I finish up at the end of the elaboration process with between 25-40 typed pages. That is the outline. The outline says chapter by chapter what happens in the book and it contains potted biographies of each of the characters. Most importantly though, it tells me and my editors what the dramas are. I then show this outline to various people including my editor in New York, my editor in London, my agent and actually anybody else who is interested. Some of my kids are very interested in this process, some are not, so I send the outline to the ones who are interested and they call me or send me a note.
Some of these people are amateurs and some are very smart experts on story telling. I listen to what they all have to say and their views change my perception of what I’ve done. I can then look at my work from the point of view of a reader. Someone may say, for instance, “I don’t really want to read a story about a man who beats his wife.” This may not be because it doesn’t fit in with the plot, but because people just don’t want to read a book about that sort of thing. I may say, “I hadn’t thought of that, but of course nobody wants to read a story about a man who beats his wife.”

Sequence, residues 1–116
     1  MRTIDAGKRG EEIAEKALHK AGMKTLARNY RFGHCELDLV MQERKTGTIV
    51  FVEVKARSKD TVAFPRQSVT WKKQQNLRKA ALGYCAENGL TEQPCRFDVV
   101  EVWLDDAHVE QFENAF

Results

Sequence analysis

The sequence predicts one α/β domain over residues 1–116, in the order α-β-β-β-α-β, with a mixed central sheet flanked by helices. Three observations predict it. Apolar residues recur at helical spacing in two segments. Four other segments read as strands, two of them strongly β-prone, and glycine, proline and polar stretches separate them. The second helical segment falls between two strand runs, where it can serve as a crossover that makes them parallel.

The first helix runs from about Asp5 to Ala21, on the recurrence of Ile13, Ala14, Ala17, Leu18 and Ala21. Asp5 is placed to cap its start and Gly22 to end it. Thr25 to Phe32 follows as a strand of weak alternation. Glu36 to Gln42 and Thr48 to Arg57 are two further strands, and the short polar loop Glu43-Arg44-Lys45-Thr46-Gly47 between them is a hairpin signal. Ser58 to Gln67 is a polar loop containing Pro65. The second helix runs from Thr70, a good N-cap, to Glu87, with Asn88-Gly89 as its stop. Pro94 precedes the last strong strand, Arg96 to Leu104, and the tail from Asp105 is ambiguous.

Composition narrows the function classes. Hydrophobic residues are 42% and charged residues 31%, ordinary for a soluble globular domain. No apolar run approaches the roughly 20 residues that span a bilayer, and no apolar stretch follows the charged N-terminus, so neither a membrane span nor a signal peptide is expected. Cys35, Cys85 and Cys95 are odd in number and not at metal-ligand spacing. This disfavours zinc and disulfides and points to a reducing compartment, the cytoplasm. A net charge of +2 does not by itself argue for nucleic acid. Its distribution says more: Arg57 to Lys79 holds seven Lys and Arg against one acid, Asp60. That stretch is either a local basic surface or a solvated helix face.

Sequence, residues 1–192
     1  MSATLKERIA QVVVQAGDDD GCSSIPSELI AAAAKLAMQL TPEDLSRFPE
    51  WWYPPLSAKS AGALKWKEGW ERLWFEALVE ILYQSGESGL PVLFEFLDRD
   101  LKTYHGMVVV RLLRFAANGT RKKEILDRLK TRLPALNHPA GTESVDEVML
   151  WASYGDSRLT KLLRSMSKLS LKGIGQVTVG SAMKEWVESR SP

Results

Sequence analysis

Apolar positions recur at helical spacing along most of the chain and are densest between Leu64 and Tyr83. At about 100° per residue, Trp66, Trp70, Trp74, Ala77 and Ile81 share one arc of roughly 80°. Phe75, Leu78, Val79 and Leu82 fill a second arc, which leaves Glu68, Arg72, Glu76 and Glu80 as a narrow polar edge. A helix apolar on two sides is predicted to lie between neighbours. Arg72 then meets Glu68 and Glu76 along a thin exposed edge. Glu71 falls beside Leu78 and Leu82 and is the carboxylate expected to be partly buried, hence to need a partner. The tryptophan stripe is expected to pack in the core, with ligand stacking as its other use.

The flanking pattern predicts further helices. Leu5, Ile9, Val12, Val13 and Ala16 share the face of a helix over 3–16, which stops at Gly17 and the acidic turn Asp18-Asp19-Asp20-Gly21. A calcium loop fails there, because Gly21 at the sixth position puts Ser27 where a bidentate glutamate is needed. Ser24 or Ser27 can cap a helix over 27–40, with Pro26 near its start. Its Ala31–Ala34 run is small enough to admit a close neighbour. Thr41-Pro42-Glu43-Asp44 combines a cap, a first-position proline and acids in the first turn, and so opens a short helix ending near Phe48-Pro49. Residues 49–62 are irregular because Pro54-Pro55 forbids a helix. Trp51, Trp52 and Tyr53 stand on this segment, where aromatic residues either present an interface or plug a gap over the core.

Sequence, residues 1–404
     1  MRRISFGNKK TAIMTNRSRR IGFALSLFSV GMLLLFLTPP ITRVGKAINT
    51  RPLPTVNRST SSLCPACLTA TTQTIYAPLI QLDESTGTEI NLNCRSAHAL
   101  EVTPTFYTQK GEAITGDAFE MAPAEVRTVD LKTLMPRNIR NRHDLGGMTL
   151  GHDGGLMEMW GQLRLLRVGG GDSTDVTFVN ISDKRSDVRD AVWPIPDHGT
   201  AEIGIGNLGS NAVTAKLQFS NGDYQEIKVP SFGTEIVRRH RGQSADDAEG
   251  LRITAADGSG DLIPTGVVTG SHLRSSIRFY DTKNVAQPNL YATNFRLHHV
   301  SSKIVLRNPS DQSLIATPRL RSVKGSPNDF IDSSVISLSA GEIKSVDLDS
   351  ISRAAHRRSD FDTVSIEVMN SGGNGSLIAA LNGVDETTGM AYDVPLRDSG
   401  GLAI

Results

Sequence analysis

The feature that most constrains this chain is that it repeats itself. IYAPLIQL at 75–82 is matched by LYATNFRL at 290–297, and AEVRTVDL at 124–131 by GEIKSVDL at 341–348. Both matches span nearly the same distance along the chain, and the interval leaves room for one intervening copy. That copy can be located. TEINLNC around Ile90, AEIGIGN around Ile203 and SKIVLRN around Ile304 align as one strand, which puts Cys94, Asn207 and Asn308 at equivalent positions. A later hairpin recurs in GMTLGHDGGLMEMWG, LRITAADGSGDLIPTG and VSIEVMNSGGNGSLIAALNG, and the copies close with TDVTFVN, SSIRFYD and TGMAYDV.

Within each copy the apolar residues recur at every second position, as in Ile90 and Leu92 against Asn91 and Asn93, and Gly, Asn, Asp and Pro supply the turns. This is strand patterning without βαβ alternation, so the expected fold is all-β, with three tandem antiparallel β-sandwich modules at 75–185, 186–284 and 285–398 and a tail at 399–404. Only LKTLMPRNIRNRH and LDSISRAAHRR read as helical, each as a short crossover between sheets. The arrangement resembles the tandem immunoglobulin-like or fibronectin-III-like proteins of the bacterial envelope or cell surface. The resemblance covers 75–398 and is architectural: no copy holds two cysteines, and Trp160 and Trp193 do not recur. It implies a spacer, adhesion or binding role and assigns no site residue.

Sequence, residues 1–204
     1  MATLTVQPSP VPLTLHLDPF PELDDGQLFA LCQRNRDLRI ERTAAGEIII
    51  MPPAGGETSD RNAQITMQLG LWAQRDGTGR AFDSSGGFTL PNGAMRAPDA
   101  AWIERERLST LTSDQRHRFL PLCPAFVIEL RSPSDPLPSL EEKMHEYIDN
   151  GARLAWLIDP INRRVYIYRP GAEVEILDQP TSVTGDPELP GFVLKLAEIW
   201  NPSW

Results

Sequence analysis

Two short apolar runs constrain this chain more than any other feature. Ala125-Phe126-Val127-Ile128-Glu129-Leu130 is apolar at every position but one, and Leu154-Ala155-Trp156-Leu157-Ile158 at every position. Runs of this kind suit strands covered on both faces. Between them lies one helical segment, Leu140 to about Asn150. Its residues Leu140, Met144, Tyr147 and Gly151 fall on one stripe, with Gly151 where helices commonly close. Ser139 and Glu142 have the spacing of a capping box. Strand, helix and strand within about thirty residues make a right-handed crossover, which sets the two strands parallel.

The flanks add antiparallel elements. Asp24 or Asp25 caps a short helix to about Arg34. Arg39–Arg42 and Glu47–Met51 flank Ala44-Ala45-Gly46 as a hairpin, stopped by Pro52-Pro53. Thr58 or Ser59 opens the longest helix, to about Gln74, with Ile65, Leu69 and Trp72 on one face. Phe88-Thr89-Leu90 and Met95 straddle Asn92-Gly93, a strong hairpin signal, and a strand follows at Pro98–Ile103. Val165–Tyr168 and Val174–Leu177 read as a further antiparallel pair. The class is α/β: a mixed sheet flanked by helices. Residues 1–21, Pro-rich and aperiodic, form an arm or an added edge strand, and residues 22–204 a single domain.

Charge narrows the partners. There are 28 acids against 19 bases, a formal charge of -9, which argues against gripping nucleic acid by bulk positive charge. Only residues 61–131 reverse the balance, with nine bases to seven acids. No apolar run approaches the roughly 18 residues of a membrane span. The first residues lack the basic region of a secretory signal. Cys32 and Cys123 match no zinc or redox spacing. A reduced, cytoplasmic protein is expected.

When I have all these comments, I rewrite the outline – and this may happen several times. Typically there will be a first draft outline, a second draft outline and a final outline, so it would twice go through the process of being shown to a number of people. The whole process of coming up with idea, fleshing it out, doing the research, drafting the outline and rewriting the outline comes to about a year all told. There are quite often a couple of false starts within this. I may spend a month working on an idea before I realise that it isn’t going to work and abandon it. But after this whole process, I’m ready to write the first draft.